Note: The DearEsq free 'ask a lawyer' site is offered as a free informational service to the public and is not intended as legal advice. Laws vary from state-to-state, and in addition every situation is unique, and relevant facts may not be known. The answer to the question posed below may not apply to in your state or to your situation. For legal advice in your state and your situation you should consult with an attorney in your state who is familiar with the rules and laws in your state.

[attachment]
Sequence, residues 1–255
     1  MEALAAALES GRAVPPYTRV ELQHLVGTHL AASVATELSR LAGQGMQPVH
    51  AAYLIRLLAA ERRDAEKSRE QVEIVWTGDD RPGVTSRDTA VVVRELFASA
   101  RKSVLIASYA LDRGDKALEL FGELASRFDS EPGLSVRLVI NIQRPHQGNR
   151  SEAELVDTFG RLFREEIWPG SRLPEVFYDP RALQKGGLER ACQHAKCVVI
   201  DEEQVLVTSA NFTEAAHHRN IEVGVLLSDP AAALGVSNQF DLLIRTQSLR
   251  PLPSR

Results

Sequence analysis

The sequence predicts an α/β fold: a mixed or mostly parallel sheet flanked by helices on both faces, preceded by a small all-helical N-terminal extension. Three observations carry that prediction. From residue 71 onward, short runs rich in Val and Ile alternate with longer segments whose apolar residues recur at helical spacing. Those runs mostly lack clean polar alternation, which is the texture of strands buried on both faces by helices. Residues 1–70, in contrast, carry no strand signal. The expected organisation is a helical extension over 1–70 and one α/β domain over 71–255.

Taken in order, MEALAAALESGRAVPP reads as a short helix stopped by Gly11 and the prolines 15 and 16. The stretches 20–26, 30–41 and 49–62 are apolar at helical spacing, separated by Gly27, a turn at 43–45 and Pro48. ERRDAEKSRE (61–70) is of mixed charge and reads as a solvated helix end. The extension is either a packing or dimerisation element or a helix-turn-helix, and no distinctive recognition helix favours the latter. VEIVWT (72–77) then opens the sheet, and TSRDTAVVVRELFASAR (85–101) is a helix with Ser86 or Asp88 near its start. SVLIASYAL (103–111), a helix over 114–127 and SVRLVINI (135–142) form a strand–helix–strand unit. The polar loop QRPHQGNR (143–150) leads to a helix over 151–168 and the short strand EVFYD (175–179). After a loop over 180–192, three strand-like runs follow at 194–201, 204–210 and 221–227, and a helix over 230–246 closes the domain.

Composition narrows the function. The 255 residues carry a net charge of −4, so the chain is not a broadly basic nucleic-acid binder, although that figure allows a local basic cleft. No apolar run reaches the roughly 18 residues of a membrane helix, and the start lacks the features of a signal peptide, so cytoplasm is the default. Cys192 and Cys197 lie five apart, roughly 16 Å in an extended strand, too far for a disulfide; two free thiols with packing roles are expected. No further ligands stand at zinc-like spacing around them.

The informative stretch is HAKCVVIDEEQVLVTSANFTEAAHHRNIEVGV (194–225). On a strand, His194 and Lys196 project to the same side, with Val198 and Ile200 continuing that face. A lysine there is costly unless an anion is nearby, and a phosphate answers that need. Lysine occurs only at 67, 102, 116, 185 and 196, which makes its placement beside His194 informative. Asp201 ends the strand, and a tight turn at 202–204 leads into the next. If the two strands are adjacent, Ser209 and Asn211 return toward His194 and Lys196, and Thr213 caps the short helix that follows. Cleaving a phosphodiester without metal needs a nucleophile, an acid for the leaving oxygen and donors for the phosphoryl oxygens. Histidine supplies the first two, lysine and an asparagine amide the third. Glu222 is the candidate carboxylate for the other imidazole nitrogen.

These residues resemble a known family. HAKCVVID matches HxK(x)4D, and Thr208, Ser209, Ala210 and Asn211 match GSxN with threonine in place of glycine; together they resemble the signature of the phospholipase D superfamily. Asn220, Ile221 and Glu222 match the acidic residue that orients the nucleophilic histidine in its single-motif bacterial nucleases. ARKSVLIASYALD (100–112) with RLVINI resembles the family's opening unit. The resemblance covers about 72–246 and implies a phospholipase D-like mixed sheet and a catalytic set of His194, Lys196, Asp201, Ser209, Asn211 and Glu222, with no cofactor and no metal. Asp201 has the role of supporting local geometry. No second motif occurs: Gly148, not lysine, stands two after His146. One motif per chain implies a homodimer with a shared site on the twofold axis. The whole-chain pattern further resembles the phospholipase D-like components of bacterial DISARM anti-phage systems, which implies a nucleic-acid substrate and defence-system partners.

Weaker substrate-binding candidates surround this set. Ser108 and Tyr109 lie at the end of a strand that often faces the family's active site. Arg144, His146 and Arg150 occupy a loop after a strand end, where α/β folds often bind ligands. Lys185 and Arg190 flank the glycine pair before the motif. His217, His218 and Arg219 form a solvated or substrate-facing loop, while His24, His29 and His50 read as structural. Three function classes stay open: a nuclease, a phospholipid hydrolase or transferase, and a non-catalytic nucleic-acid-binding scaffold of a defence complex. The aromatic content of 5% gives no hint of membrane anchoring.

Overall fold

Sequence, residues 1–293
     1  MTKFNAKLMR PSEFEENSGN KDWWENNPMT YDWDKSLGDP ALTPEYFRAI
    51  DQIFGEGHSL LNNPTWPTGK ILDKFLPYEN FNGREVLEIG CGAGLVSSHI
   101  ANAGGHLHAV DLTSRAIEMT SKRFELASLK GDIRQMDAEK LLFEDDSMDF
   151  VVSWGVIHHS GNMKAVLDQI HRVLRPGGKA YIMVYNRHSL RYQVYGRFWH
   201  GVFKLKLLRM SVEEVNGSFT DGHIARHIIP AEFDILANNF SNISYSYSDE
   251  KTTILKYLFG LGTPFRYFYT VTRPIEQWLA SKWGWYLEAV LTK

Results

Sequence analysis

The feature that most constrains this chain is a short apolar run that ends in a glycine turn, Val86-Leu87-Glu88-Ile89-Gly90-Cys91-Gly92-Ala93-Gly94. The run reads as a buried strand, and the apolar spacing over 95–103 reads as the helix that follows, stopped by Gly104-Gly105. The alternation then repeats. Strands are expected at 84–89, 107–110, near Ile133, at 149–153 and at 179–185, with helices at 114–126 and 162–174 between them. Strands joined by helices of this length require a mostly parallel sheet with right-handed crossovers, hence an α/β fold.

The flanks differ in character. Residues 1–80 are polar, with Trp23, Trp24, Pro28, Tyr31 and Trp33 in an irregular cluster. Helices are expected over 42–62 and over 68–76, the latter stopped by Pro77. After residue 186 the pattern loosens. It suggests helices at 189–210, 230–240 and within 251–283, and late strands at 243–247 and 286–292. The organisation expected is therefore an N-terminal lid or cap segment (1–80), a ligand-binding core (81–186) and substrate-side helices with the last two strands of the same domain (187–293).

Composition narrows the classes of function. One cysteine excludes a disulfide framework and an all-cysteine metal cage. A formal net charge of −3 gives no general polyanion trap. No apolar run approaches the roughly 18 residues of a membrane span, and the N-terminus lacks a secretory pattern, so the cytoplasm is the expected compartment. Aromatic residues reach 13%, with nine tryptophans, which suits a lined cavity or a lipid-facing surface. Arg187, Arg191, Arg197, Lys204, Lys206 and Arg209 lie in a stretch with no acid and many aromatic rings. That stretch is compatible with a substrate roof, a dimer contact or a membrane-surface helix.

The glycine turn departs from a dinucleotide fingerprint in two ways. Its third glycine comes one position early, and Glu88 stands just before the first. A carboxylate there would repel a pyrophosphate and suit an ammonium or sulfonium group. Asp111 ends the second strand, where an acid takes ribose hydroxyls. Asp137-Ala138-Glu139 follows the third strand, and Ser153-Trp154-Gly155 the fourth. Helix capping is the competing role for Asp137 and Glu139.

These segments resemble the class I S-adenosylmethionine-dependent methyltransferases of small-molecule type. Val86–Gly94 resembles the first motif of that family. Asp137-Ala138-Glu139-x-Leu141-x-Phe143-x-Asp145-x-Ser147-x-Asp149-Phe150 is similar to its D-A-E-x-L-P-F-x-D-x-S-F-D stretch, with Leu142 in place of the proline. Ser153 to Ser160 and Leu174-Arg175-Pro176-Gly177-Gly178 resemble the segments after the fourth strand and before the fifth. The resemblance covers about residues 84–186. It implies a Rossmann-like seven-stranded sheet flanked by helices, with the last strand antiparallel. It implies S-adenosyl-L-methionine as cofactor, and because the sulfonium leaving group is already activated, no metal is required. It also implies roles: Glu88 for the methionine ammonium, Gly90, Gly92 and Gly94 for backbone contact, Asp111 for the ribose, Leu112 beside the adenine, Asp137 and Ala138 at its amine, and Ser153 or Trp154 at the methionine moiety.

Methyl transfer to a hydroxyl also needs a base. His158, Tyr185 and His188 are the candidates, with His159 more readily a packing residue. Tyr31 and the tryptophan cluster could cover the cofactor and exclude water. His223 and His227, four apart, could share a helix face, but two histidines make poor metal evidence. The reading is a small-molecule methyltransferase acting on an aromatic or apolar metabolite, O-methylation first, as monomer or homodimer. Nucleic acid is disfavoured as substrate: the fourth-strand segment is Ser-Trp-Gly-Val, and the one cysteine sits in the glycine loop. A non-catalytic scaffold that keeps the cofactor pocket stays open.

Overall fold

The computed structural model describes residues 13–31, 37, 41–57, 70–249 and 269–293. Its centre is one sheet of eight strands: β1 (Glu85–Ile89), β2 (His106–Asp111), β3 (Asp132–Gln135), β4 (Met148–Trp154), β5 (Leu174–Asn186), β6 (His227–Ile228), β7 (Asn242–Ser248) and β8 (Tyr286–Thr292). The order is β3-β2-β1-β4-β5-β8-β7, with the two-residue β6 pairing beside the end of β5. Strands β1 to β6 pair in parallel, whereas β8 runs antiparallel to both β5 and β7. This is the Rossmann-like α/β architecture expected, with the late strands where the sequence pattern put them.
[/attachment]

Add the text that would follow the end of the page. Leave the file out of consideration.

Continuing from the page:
“Sir or Ma’am,
1) If I own property in state X and I am brought to court in state Y for a civil tort, can the court issue a judgment lien against my real property in state X?
2) If I own property in severalty (i.e. my wife granted me 100% of her interest in the property when the property was purchased), and my wife is sued, can my separate property be attacked during an attempt to make a collection for a civil tort for which my wife was found liable?”1) Technically, no, but that doesn’t matter. Once you get a judgment in State Y, you can take it to the courts in State X and get a “Sister State Judgment,” which can then be enforced against the State X property.
Question: 2) It depends on the nature of the liability and the laws of your particular state.